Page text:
Presidential Strategy in the Judicial Appointment Process: 'Going Public' in Support of Nominees to the U.S. Courts of Appeals

By Emrey, Jolly A. | Justice System Journal, May 1, 2008 | Go to article overview

Presidential Strategy in the Judicial Appointment Process: 'Going Public' in Support of Nominees to the U.S. Courts of Appeals


Emrey, Jolly A., Justice System Journal


Lisa M. Holmes, "Presidential Strategy in the Judicial Appointment Process: 'Going Public' in Support of Nominees to the U.S. Courts of Appeals," American Politics Research 35 (September 2007): 567-94.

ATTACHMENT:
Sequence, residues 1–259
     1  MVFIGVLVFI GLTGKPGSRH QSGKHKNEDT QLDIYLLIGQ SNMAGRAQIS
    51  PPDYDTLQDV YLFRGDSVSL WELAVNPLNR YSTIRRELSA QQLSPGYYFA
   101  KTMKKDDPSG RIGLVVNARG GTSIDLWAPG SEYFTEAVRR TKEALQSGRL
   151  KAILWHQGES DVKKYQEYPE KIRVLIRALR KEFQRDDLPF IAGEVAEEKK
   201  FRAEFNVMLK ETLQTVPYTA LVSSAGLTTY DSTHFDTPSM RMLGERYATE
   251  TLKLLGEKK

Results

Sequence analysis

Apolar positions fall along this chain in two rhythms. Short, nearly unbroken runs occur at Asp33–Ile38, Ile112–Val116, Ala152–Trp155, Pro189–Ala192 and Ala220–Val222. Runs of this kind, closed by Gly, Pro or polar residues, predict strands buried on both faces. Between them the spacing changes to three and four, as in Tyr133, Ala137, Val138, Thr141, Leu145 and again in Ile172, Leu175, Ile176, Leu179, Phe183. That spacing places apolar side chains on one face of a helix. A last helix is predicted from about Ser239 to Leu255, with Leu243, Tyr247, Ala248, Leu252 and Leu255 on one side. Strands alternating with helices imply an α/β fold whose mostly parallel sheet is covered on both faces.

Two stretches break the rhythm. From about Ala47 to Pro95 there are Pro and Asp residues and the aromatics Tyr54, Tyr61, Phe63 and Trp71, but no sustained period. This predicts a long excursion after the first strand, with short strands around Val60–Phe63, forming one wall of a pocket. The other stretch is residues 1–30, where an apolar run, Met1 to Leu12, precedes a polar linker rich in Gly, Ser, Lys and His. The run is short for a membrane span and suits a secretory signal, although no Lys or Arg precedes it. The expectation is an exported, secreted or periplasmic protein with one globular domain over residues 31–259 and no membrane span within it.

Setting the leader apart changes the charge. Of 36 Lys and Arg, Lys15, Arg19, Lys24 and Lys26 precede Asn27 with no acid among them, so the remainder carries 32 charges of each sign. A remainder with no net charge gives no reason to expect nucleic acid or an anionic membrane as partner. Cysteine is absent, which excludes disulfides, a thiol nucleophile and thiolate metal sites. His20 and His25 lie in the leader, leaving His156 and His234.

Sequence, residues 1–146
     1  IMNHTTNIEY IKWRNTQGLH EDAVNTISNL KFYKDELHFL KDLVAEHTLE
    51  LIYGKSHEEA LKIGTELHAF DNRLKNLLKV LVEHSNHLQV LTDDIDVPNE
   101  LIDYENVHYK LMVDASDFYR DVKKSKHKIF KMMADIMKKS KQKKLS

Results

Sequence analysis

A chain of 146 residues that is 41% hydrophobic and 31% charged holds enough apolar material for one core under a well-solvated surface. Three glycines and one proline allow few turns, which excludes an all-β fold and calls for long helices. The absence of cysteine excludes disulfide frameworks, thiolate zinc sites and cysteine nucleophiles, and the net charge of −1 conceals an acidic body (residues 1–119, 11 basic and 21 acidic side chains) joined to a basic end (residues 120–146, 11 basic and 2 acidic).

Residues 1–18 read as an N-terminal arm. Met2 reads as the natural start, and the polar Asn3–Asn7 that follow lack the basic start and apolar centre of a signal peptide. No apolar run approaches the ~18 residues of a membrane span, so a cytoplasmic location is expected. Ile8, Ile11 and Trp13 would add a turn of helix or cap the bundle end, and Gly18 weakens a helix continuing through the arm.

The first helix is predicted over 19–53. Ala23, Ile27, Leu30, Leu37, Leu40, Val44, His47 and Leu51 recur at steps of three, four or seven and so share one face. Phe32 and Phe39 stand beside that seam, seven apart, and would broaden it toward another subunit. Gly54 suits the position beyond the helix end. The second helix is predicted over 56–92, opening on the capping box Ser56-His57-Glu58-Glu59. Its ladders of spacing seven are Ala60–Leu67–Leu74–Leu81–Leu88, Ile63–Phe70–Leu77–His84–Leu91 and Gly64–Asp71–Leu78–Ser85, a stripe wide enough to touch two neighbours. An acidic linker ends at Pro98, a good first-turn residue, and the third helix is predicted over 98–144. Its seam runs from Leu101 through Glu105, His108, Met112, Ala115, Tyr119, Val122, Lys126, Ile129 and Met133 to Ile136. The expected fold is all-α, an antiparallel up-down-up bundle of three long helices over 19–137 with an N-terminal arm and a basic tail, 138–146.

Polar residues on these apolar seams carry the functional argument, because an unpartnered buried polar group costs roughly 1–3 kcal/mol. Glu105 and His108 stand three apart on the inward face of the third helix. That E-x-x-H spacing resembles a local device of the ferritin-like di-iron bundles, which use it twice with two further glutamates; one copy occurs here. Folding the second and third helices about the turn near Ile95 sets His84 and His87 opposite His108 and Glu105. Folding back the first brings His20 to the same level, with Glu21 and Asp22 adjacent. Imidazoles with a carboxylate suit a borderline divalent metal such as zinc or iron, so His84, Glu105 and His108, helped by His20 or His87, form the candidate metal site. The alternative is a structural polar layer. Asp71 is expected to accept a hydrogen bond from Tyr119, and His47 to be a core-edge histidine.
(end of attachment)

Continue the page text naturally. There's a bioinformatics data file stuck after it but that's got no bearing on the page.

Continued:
The author examines the use of "going public" as a presidential strategy for gaining support for nominations to the federal courts of appeals. Holmes studies the timing, frequency, and likelihood with which presidents choose to "go public" and the relative success "going public" has on securing a confirmed nomination. She finds that presidents are most likely to "go public" when a judicial nominee will be, or is having, difficulty with confirmation. For example, a president during the period studied would "go public" to seek support for a nominee if the president and the Senate were ideologically distant. In addition, the president would turn to the public for support if the nominee was confronted with interest-group opposition, or if the nominee would diversify the bench. With respect to diversity, the author notes that presidents were even quicker to "go public" when the nominee was a minority than when the nominee was female. …

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